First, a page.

The “material” that is carried by the tool can include a strip of terry cloth. The first end of the tool forms a point and the first end of the material is impaled on the point and the second end of the material is pinched against the second end.
  • [0015]
    The “tool” can be a pointed round rod or a pointed flat paddle, for example. The flat paddle can be notched.
  • [0016]
    In a preferred embodiment, the “tool” first end has a slot to receive the “material.”
  • [0017]
    The tool can be manually held and manipulated to achieve cleaning of the vehicle remote area; or the second end of the tool can be manipulated and powered by means of a drill motor.
  • [0018]
    The present invention also includes a kit for detailing various remote areas on a vehicle, including a plurality of elongate tools, each having a first end and a second end; a plurality of elongate strips of material, each having a first end and a second end, wherein remote areas on the vehicle can be cleaned by the various tools by attaching the strips of material thereto and manipulating the resulting assembly to place the material in cleaning contact with the remote areas; and an elongate clear plastic tube for displaying, shipping and storing the tools and material.
  • [0019]
    In a preferred embodiment, the kit further includes one or more elongate large area cleaning tools; wherein one of the large area cleaning tools can be a swab or mini-mop, and one of the large area cleaning tools can include a lamb's wool duster.
  • [0020]
    Additional aspects of the present invention will be described with reference to the appended Drawings.
  • BRIEF DESCRIPTION OF THE DRAWINGS
  • [0021]
    [0021]FIG. 1 is an exploded view of a detailing kit according to the present invention and a preferred packaging system thereof;
  • [0022]
    [0022]FIG. 2 is a pictorial view of one of the tools of the kit shown in FIG. 1, i.e., a swab or “mini-mop,” in use on the fuel tank of a bike;
  • [0023]
    [0023]FIG. 3 is a pictorial view of another one of the tools from the detailing kit of FIG. 1, i.e., a relatively stiff brush, in use on a bike chain and sprocket;
  • [0024]
    [0024]FIG. 4 is a pictorial view of another one of the tools of the kit shown in FIG. 1, i.e., a pointed rod/cloth combination, in use on the slofted openings around the front fork structure of a bike;
  • [0025]
    [0025]FIG. 5 is a pictorial view of one of the tools of the kit shown in FIG. 1, i.e., a slotted rod/cloth combination, powered by a drill motor and in use on a portion of the under-frame of a bike;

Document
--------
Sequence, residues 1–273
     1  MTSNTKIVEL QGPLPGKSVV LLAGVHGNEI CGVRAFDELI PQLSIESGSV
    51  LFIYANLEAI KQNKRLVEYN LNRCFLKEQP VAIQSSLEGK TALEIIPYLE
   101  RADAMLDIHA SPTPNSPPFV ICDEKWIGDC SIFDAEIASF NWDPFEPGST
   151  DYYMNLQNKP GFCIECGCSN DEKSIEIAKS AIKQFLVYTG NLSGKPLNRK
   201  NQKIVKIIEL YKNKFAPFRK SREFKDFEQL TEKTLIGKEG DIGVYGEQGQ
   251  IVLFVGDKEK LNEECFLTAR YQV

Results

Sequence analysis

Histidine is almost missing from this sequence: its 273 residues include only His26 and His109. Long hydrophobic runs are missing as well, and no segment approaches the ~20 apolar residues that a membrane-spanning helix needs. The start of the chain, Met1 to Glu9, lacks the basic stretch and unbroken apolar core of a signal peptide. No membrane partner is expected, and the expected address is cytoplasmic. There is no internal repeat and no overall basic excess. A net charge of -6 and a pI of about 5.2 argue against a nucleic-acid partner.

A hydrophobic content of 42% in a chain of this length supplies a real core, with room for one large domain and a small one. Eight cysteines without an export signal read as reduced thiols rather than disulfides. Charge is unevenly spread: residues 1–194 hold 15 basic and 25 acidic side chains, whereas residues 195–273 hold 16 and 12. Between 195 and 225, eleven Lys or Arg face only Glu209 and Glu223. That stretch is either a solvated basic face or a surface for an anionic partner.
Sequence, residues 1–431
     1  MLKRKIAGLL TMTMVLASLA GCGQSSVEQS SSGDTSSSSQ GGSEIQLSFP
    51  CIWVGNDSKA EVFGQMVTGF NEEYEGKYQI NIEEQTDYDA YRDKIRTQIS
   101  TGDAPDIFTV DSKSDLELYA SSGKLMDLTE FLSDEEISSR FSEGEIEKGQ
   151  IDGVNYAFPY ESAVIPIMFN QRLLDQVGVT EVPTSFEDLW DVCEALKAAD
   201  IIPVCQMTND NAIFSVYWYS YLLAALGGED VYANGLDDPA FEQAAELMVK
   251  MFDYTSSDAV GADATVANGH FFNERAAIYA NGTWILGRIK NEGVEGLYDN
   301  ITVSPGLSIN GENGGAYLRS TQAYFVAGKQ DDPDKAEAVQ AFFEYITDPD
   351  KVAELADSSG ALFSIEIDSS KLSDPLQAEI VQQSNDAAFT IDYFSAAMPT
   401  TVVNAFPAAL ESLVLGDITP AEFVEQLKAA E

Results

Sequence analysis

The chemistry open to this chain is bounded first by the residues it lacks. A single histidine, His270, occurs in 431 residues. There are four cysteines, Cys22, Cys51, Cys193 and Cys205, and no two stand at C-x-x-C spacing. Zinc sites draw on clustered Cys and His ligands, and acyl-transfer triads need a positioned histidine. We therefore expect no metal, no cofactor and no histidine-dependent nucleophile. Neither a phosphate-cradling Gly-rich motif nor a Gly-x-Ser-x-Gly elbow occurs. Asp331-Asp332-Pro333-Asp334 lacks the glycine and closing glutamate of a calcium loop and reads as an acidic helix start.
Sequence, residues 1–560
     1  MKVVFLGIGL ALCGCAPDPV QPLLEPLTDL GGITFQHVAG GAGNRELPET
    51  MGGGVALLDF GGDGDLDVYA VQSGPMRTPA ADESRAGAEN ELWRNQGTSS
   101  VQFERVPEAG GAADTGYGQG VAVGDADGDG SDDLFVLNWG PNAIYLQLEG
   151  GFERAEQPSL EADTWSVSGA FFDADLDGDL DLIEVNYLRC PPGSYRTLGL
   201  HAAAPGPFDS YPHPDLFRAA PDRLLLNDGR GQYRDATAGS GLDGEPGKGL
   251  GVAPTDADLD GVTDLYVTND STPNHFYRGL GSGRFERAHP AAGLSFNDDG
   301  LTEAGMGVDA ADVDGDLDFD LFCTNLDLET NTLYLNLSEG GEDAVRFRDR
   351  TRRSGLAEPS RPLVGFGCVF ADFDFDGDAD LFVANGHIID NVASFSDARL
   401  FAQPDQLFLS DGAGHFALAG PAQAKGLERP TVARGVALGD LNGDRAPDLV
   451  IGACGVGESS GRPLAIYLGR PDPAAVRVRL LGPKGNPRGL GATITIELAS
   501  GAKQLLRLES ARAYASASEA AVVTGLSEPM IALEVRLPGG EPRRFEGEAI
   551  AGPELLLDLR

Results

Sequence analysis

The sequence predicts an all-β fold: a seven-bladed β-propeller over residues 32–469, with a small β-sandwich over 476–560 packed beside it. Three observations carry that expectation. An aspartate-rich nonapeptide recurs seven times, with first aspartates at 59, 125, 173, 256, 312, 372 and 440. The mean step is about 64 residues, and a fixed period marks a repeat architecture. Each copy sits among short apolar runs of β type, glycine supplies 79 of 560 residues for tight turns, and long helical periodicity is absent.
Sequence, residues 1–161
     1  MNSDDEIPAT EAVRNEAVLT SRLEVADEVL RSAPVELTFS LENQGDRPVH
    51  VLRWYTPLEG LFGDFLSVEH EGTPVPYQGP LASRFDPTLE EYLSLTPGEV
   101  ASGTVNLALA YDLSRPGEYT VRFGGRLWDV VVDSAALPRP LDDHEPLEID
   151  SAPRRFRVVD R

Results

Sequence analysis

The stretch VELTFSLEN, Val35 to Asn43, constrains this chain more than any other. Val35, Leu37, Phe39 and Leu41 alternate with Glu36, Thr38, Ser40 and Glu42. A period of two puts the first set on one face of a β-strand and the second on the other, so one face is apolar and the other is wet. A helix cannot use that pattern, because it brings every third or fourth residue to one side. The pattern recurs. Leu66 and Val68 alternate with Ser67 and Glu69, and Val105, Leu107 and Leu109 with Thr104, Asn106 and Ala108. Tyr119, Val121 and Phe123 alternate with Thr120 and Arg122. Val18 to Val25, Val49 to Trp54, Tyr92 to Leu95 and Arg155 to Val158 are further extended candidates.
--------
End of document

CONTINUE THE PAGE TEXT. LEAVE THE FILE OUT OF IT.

• [0026]
    [0026]FIG. 6 is a pictorial view of another one of the tools of the kit of FIG. 1, i.e., a flat paddle/cloth combination, in use on the cylinder cooling fins of a bike;
  • [0027]
    [0027]FIG. 7 is a pictorial view of another use for the flat paddle/cloth combination shown in FIG. 6, i.e., on the spokes of a wheel;
  • [0028]
    [0028]FIG. 8A is an enlarged side view of the flat paddle tool of FIG. 1;
  • [0029]
    [0029]FIG. 8B is an enlarged end view of the flat paddle tool of FIG. 1;
  • [0030]
    [0030]FIG. 9A is an enlarged side view of the slotted rod tool of the kit of FIG. 1, with a cloth installed;
  • [0031]
    [0031]FIG. 9B is an enlarged end view of the slotted rod tool of FIG. 1, minus the cloth;
  • [0032]
    [0032]FIG. 10A is an enlarged side view of the pointed rod tool of the kit of FIG. 1; and
  • [0033]
    [0033]FIG. 10B is an enlarged end view of the pointed rod tool of the kit shown in FIG. 1.
  • DETAILED DESCRIPTION OF THE INVENTION
  • [0034]
    The present invention will be described with reference to the attached Drawing, wherein like reference numerals refer to like assemblies and parts throughout the several views.
  • [0035]
    A preferred embodiment of the present invention includes several vehicle (e.g., motorcycle) detailing tools that are preferably commercialized in the form of a kit 20. While a detailing kit according to the present invention could include various subsets or supersets of the collection of tools pictured in FIG. 1, in one embodiment kit 20 includes a swab 22; brush 24; duster 25; pointed rod 26; slotted rod 28; paddle 30; cleaning cloths 32; and mesh bag 33. As depicted in FIG. 1, several of the tools that make up preferred kit 20 are long and slender, and thus can be packaged in a shipping/storage tube 34 which can be closed off by a cap 36.
  • [0036]